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President Trump disputes reports of remarks on Haiti

Dylan Stableford
Senior Editor
President Trump speaks during a meeting at the White House on Thursday. (Photo: Carolyn Kaster/AP)

Amid a torrent of outraged criticism from around the country and the world, President Trump disputed multiple reports that he referred to Haiti as a “shithole” country during an Oval Office meeting with lawmakers on Thursday about U.S. immigration policy.

“Never said anything derogatory about Haitians other than Haiti is, obviously, a very poor and troubled country,” Trump tweeted early Friday morning. “Never said ‘take them out.’ Made up by Dems. I have a wonderful relationship with Haitians. Probably should record future meetings — unfortunately, no trust!”


Earlier, the president did not deny using “tough” language at the meeting, which was focused on Deferred Action for Childhood Arrivals, or DACA, an Obama-era immigration program that was rescinded by the Trump administration last year. But Trump suggested he did not make the “shithole” remark as reported.

“The language used by me at the DACA meeting was tough, but this was not the language used,” he tweeted. “What was really tough was the outlandish proposal made — a big setback for DACA!”


Sen. Dick Durbin, D-Ill., who was among the lawmakers at the meeting, refuted Trump’s denials.

“You’ve seen the comments in the press. I’ve not read one of them that’s inaccurate,” Durbin told reporters on Friday. “To no surprise, the president started tweeting this morning denying that he used those words. It’s not true. He said these hateful things, and he said them repeatedly.”

GOP Sens. David Perdue and Tom Cotton, who were also in the room, issued a joint statement saying they “do not recall the president saying these comments specifically.” But Sen. Tim Scott, R-S.C., said that fellow South Carolina GOP Sen. Lindsey Graham — who was in the room too — told him the reported comments are “basically accurate.”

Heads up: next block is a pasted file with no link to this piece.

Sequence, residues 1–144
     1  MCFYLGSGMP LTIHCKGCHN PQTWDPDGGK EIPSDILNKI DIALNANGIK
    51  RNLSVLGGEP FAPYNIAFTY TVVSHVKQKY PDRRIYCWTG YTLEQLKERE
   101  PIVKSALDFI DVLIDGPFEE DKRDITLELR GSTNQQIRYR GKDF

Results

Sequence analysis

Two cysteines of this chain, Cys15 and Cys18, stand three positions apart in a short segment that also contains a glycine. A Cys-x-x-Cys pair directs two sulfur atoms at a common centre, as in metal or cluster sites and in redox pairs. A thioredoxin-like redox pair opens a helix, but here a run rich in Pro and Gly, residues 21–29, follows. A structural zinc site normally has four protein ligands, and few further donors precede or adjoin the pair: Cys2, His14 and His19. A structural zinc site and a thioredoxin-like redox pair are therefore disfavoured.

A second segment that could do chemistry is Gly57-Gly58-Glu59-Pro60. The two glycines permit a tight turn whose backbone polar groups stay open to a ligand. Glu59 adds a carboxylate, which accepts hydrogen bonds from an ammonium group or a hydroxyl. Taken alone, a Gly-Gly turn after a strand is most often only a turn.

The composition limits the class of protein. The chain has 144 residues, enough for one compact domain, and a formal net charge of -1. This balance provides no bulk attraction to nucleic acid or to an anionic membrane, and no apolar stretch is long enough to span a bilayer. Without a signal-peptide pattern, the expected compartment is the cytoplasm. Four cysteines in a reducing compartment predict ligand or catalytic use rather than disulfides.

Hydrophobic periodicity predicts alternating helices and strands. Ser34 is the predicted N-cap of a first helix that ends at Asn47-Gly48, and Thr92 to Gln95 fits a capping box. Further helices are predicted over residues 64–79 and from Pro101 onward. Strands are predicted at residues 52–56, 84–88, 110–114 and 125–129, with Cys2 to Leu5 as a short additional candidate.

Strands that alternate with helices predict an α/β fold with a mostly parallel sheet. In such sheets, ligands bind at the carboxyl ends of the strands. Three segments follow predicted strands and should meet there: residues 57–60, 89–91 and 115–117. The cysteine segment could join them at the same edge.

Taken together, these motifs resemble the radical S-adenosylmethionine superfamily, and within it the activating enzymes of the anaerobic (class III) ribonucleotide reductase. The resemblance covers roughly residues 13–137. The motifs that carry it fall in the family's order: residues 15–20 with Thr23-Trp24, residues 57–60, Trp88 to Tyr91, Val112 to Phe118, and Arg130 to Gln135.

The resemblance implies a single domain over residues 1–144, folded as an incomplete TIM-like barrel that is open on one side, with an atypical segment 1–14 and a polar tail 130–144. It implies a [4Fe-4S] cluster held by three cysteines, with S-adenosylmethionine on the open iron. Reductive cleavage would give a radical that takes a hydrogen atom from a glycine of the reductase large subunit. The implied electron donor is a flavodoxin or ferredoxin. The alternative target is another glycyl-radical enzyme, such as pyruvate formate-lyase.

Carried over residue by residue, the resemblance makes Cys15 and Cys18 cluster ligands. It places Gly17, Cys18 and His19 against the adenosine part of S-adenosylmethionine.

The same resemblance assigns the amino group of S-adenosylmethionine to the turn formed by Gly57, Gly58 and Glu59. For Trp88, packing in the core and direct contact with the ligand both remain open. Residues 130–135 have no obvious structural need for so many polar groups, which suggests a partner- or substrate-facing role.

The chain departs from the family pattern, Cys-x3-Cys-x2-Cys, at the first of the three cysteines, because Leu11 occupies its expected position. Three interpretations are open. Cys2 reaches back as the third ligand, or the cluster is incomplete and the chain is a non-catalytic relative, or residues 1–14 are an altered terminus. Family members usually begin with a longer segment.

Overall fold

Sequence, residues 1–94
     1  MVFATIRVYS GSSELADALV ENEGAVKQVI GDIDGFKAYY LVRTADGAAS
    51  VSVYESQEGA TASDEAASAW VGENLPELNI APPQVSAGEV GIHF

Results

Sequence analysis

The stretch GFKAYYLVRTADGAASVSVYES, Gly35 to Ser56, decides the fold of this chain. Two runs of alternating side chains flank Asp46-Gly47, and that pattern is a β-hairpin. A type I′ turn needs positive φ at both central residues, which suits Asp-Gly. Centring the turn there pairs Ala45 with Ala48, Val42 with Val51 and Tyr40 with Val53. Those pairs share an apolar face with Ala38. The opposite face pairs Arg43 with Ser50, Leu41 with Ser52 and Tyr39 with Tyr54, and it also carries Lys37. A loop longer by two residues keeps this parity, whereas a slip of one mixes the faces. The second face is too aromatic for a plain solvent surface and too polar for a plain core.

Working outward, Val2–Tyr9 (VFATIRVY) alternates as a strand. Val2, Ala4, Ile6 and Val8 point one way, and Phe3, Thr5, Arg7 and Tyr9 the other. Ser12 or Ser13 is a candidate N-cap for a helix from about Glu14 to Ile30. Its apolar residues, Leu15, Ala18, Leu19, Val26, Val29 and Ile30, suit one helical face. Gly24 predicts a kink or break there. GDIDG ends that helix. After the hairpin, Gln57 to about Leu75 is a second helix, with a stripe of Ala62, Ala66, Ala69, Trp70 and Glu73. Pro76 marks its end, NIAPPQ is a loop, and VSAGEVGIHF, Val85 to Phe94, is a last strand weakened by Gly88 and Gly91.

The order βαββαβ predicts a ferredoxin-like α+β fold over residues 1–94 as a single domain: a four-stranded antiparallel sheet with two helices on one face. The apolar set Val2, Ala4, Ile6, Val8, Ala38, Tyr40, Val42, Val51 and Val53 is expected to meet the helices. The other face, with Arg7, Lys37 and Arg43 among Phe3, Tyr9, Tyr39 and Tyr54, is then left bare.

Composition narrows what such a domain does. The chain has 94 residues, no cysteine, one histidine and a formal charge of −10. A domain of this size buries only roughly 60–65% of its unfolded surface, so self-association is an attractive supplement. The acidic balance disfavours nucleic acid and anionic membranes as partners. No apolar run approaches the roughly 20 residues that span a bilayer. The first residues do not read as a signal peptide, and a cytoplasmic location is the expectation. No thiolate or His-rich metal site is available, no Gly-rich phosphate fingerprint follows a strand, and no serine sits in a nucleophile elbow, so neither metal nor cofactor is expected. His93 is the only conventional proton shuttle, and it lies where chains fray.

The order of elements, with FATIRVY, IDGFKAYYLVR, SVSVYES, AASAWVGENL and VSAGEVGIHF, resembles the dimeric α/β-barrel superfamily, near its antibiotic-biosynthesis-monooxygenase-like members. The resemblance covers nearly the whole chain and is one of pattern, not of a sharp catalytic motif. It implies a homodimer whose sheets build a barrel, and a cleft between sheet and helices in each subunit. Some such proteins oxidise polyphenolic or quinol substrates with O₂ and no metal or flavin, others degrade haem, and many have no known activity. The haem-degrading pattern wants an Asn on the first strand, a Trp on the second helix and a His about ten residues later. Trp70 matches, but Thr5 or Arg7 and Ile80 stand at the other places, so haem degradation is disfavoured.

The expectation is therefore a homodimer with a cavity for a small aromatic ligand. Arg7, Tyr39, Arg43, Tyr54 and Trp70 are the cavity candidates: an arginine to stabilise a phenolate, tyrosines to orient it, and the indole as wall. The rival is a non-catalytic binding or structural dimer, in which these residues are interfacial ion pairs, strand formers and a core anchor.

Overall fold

Graham subsequently issued a statement saying he confronted Trump over the remarks.

“Following comments by the President, I said my piece directly to him yesterday,” Graham said. “The President and all those attending the meeting know what I said and how I feel.”

On Thursday, the Washington Post reported that Trump “grew frustrated” with lawmakers while discussing a possible bipartisan deal protecting immigrants from Haiti, El Salvador and African countries earlier in the day.

“Why are we having all these people from shithole countries come here?” Trump said, according to the newspaper, which cited “several people briefed on the meeting.”

“Why do we need more Haitians?” Trump continued. “Take them out.”

According to the Post, Trump suggested that the U.S. “should instead bring more people from countries such as Norway, whose prime minister he met with” the day before.

On Thursday night, the White House did not deny Trump made the disparaging comments.

“Certain Washington politicians choose to fight for foreign countries, but President Trump will always fight for the American people,” deputy press secretary Raj Shah said in a statement to the Post. “Like other nations that have merit-based immigration, President Trump is fighting for permanent solutions that make our country stronger by welcoming those who can contribute to our society, grow our economy and assimilate into our great nation.”


According to CNN’s Jake Tapper, though, Trump did not refer to Haiti as a “shithole” country, but did refer to African countries that way.

“There was a conflation of two different remarks by the president,” Tapper explained in a series of tweets, citing a “source familiar with the meeting.”

“First, when talking about ‘temporary protected status’ countries as part of the immigration deal it was mentioned that Salvadorans, Hondurans and Haitians have that status. ‘Haitians?’ the president said. ‘Why do we need more Haitians? Take them out’ — meaning take them out of the deal. Then in a separate part of the conversation when they were referencing the diversity visa lottery, President Trump referred to people coming from Africa as coming from ‘shithole countries.’”